US lobby issues point-blank 'no' on gun control
The most powerful gun lobby in the United States stood firm on Monday against any additional restraints on firearms and ammunition sales -- despite a national outcry in the wake of the Sandy Hook school massacre.world Updated: Dec 24, 2012 12:15 IST
The most powerful gun lobby in the United States stood firm on Monday against any additional restraints on firearms and ammunition sales -- despite a national outcry in the wake of the Sandy Hook school massacre.
Wayne LaPierre, the executive vice president of the National Rifle Association (NRA), said Sunday that planned legislation to outlaw military-style assault weapons and large-capacity magazines was "phony" and would not work.
He repeated the NRA's call to place an armed guard in every school and argued that prosecuting criminals and fixing the mental health system, rather than gun control, were the solutions to America's mass shooting epidemic.
On December 14, a disturbed local man, 20-year-old Adam Lanza, killed his mother in their Newtown, Connecticut home before embarking on a horrific shooting spree at a local elementary school.
He blasted his way into Sandy Hook Elementary School and shot dead 20 six- and seven-year old children and six adults with a military-style assault rifle before taking his own life with a handgun as police closed in.
The bloodshed, the latest in a string of mass shootings in the United States, has reopened a national debate on the country's gun laws, which are far more lax than in most other developed nations.
President Barack Obama said he would support a new bill to ban assault rifles and put Vice President Joe Biden in charge of a panel looking at a wide range of other measures, from school security to mental health.
Democratic Senator Diane Feinstein has pledged to table a bill on January 3 that would ban at least 100 military-style semi-automatic assault weapons, and would curb the transfer, importation and the possession of such arms.
"I think that is a phony piece of legislation, and I do not believe it will pass for this reason," LaPierre told NBC's "Meet the Press." "It is all built on lies that have been found out."
The NRA points to the fact that the 1999 shooting at Columbine High School, when 12 kids and a teacher were gunned down by two senior students, occurred despite similar legislation being in force at the time.
"I don't think it will (work). I keep saying it, and you just won't accept it: it's not going to work, it hasn't worked. (Senator) Dianne Feinstein had her ban and Columbine occurred," LaPierre said.
The 1994 ban, which expired in 2004, prohibited the new manufacture and sale of 19 specific gun models and close copies of those models. It also drew a list of components - such as a detachable magazine or flash suppressor - that could -- from a legal standpoint -- upgrade a firearm to an assault weapon. Firearms with two or more such components were banned.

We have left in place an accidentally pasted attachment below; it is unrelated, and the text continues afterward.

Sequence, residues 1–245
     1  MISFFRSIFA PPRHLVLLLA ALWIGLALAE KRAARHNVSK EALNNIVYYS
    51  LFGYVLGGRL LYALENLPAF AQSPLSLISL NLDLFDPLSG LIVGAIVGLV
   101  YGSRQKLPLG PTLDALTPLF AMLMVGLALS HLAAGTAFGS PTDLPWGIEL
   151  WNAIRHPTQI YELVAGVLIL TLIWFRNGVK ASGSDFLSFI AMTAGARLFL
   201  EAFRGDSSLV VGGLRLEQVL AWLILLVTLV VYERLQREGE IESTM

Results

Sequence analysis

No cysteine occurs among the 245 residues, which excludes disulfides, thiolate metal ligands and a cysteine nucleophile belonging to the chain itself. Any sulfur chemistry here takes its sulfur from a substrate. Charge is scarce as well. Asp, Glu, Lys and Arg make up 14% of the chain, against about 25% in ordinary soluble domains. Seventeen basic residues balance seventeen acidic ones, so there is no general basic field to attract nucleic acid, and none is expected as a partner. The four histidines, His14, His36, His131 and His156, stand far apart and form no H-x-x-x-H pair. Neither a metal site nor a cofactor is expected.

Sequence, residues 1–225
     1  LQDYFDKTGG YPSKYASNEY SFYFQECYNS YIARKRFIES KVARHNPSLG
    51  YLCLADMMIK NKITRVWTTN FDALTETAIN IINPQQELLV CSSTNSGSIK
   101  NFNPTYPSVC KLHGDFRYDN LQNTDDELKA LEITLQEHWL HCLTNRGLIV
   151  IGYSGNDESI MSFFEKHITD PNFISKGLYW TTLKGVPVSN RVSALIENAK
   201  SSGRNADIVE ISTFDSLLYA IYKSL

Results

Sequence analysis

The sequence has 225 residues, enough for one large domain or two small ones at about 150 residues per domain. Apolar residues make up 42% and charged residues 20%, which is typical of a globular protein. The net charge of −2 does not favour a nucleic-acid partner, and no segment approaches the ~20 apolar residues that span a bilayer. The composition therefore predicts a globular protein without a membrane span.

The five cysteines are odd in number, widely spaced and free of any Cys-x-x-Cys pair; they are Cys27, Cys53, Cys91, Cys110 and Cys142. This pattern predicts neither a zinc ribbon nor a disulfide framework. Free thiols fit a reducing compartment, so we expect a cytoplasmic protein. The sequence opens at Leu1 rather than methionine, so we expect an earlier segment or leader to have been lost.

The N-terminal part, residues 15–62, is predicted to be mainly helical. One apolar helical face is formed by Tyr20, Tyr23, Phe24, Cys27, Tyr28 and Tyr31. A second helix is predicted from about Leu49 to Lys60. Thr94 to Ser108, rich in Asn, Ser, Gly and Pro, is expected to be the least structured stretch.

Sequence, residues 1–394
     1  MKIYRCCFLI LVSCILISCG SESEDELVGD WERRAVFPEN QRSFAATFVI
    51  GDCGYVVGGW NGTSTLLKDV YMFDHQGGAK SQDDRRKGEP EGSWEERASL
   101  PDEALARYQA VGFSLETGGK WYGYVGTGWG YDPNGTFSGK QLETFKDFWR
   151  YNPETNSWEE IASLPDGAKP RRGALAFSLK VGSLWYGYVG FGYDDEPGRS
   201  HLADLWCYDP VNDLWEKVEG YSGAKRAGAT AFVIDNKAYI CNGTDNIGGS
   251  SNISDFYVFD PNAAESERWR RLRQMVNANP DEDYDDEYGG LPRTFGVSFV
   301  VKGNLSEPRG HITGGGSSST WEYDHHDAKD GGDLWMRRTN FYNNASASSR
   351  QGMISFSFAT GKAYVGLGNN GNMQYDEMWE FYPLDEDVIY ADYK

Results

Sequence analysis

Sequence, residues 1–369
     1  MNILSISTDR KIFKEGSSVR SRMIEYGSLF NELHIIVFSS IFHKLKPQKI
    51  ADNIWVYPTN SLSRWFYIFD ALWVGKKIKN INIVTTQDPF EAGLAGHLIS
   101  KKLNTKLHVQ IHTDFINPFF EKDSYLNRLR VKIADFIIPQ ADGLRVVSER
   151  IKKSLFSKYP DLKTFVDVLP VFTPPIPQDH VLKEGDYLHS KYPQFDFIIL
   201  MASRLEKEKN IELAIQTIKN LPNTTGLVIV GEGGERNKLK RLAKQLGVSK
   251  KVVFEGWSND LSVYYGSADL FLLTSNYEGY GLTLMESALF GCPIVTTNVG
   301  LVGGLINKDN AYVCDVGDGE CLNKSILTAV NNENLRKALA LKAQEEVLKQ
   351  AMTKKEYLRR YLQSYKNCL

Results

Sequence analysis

However, America has suffered an explosion of gun violence over the last three decades including 62 mass shooting incidents since 1982. The vast majority of weapons used have been semi-automatic handguns and rifles obtained legally by the killers.
There were an estimated 310 million non-military firearms in the United States in 2009, roughly one per citizen, and people in America are 20 times more likely to be killed by a gun than someone in another developed country.
The NRA has been in the crosshairs since the Sandy Hook massacre and took the unusual step on Friday of holding a press conference and speaking out on the tragedy.
Rather than come out in support of limited gun control measures, the lobby -- which retains a powerful influence over politicians, especially from rural districts where gun owners are the norm -- demanded that armed police be deployed to every school in the country.
"The only thing that stops a bad guy with a gun is a good guy with a gun," LaPierre told Friday's media event, which was interrupted by hecklers, one holding a banner that read: "N.R.A. Killing Our Kids."
LaPierre reaffirmed the group's position on Sunday and launched a fierce defense of gun owners' rights, which he portrayed as being imperiled by rich folk in cities, elite politicians and a hysterical media.
"The average guy in the country values his freedom, doesn't believe the fact that he can own a gun is part of the problem and doesn't like the media and all these high-profile politicians blaming him," he said.
"If it's crazy to call for putting police and armed security in our schools, then call me crazy," he added. "If I'm a mom or a dad and I'm dropping my child off at school, I feel a whole lot safer."